It's more than just a game
As of the weekend just gone, the Port Adelaide Football Club delivered it's third annual in-season game in Shanghai. And for the third time, delivered a great win against first time travelers, the St Kilda Football Club.
There's always a lot of discussion surrounding why we as a club pursue playing in Shanghai, and an interest in the underlying strategy that sits with it. And whilst that in itself is worth a considerable post, this isn't a piece that sets out to reveal all.
Being tasked with filling the stadium in Shanghai, I wanted to share some strategic insight to that process and where I landed. Particularly in encouraging Australians to travel.
Following the launch and announcement of the game in October 2018, consideration and conversion into travel package sales was tracking slower than we’d initially anticipated (exclusive period until February 2019 where tickets to the game were only accessible via purchasing travel package from travel partners).
Accompanying this was a lower than expected "registrations of interest" for public ticket sales (pre-February). Reasons why were anecdotal, but I considered with some confidence that it include:
unawareness of the event;
limited understanding for the game offering;
perception that the barriers for attendance were too high;
mis-assumption that it’s no different to a game at Adelaide Oval (or MCG, Marvel);
belief that it’s no different to the last time they went;
and/or more broadly, a lack of consideration for Shanghai as a travel destination when considering how to use leave or their international trip allowance.
Thinking about the brief a little differently.
The ultimate outcome we wanted from our efforts was for people interested in the game to attend the game in Shanghai.
But the behaviour we needed to drive is not to purchase tickets to the game, but rather, flights to Shanghai. As obvious as it seems, they wouldn't purchase tickets to the game if they'd not purchased flights to Shanghai, and they wouldn't purchase flights to Shanghai if they don't want to go to Shanghai.
As counter-intuitive as it seemed, the brief became about selling people the destination of Shanghai.
How to drive behaviour.
Borrowing from my days at Behaviour Change Partners, when we used to obsess over marketing briefs from the perspective of behaviour change briefs, I returned to a familiar model to tackle the brief:
B = M.A.T
Very simply, at the moment a trigger (t) is pulled to prompt us to do a 'said' behaviour (b) - travel to Shanghai - we'll only do that 'said' behaviour if we have the right amount of motivation (m) combined with a competent ability (a) to do that 'said' behaviour.
The path to "let's do it".
As the above model indicates, when it comes to deciding if we're going to do something (or not do something), we have to address the two following questions through everything we do:
Is it worth it? (Motivation)
Can I do it? (Ability)
Therefore, the intent and success of our messaging and execution was hinged on a balance between influencing motivation and making travel to Shanghai as accessible and as easy (at least perceptually) as possible.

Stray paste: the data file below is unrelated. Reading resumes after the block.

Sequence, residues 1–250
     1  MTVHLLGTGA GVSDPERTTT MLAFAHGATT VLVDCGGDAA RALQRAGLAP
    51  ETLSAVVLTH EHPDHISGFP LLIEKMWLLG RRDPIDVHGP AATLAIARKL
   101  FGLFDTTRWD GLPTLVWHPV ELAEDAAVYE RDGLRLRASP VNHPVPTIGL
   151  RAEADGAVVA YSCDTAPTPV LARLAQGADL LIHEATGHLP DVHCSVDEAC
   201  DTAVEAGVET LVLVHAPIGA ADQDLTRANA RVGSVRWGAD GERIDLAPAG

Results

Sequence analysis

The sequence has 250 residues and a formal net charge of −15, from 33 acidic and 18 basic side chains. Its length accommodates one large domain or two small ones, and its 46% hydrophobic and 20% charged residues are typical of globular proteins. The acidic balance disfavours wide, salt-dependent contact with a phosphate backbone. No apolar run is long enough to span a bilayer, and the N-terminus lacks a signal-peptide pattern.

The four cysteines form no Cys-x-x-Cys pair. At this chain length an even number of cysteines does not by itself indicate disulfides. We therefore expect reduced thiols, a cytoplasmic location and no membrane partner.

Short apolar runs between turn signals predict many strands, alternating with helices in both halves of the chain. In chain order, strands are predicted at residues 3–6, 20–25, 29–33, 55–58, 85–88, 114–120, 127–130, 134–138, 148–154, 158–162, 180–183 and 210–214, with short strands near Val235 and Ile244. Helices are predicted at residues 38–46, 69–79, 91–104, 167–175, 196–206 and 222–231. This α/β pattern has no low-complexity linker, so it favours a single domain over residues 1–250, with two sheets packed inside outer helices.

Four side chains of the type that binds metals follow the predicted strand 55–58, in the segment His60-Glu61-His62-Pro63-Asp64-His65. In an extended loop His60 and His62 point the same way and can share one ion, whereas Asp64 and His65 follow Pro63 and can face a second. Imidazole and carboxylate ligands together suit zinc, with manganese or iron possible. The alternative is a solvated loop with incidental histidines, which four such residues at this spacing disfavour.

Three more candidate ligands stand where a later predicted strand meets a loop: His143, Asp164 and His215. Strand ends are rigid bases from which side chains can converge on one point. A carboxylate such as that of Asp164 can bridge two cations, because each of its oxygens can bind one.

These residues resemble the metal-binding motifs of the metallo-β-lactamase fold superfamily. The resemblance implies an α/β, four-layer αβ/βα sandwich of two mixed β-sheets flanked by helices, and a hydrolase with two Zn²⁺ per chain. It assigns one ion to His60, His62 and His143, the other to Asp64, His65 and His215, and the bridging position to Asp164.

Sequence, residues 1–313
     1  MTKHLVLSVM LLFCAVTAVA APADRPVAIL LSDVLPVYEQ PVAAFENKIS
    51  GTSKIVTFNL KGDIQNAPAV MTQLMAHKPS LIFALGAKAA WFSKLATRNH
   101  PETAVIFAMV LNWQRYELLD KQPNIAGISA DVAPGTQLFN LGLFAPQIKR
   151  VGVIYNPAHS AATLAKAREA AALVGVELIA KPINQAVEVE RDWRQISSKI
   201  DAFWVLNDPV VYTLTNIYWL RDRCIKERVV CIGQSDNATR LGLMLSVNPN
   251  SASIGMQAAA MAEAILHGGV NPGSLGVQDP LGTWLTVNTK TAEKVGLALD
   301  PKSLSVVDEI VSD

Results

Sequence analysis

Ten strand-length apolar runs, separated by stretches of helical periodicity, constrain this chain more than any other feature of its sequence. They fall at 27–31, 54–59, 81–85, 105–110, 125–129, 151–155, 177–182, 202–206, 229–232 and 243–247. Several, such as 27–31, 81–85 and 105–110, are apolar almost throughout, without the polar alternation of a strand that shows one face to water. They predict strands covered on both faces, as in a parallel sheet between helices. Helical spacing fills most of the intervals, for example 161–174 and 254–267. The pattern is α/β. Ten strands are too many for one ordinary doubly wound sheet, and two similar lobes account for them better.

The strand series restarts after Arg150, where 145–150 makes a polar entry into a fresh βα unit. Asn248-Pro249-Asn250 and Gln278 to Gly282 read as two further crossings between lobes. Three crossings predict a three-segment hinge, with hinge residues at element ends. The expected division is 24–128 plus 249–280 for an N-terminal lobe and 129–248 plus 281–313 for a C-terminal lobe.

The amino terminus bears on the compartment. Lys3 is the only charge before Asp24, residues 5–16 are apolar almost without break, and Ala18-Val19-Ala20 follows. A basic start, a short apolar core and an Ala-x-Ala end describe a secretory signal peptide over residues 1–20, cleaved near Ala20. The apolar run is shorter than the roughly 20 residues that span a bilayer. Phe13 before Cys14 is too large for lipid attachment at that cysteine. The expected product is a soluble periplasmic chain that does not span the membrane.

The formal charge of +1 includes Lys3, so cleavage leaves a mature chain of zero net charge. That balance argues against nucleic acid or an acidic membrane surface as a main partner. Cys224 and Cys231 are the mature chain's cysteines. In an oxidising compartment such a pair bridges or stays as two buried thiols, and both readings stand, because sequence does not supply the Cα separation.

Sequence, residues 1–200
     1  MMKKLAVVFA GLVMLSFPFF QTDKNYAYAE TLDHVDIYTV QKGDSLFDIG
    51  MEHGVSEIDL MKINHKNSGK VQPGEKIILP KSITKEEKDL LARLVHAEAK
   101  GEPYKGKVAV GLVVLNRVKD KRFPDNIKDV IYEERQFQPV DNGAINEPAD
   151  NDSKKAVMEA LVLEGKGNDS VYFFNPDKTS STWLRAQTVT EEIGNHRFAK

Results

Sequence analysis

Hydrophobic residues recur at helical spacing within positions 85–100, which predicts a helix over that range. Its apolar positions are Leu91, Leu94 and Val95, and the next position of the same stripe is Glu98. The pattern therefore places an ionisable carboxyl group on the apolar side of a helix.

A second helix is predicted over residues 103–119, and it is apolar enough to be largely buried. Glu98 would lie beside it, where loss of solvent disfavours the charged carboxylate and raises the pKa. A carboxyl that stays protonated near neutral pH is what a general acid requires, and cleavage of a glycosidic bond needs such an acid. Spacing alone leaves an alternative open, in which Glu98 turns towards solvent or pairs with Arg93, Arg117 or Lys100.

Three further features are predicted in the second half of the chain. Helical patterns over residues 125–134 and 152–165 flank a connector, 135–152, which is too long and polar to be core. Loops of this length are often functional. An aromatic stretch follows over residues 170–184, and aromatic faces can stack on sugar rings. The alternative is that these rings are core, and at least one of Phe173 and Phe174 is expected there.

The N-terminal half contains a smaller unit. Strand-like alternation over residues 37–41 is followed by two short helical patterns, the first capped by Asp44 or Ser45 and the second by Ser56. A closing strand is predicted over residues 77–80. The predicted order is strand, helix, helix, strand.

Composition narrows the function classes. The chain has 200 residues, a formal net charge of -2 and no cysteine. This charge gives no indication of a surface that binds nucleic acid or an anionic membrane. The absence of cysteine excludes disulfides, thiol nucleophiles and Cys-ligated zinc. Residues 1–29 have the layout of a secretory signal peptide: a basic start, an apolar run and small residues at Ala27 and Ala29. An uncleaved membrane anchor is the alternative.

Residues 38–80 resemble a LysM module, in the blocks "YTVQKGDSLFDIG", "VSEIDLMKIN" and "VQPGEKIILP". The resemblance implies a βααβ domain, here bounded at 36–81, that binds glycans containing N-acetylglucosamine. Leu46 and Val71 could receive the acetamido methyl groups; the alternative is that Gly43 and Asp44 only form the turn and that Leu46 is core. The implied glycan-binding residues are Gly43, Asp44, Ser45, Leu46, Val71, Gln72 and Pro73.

A balance between emotion and rationality. Day dreaming and practicality.
We therefore needed to make people really really want to go to Shanghai, and then, help them think and feel that getting there was easy.
The execution brief shifted from trying to sell the game to trying to motivate Australians to travel to Shanghai (culture, experience, people, food, beauty etc) whilst breaking down the reasons why they don't believe they can get there (ease, safety, lack of understanding, cost, time etc).
Re-positioning the occasion.
To give ourselves the best chance of driving consideration and purchase, the overarching proposition and balance for Shanghai 2019 needed to be delivered as clearly and consistently as possible. We needed some glue that would hold everything together.
In light of the lack of momentum, energy and excitement surrounding the game announcement, a decision was made to 'relaunch' Shanghai 2019 in March by building and delivering on an entirely new campaign around a single-minded proposition that could work consistently across our key audience pillars: consumer (tourism, social, entertainment), corporate (networking, connection, opportunity) and political (bi-partisan, sports diplomacy).
Taking it to market.
Hanging everything off a single-minded proposition, filtered through our key audience pillars helped us bring energy, focus and creative endeavour to bringing the ask to travel to Shanghai to life consistently, relevantly and frequently.
With limited budget, and ultimately very little time in market (purchase journey for travel would usually require more lead time than 2-months), we executed a long-list of interventions that elevated the idea that travelling to Shanghai was much more than just for a game of footy.
Within this was a content series that featured two respective Port Adelaide and St Kilda football heroes, who over the course of 3 days with my team, traveled to Shanghai to showcase why Shanghai was worth visiting (motivation) and accessible for all (ability).
Shanghai in 48 hours
Nick and Gav Showcasing Shanghai
Nick and Gav's Rivalry
Whilst only in market for less than eight weeks, we managed to officially 'sell-out' the game via travelling Australians, hospitality guests and local Shanghai residents. That said, for full transparency, the stadium wasn't full come game-day.
The opportunity for Shanghai 2020 will be to have this proposition in market many months earlier, with increased investment and extension of the idea to truly capture everything the city has to offer and how Aussie Rules in China is so much more than just a game of footy!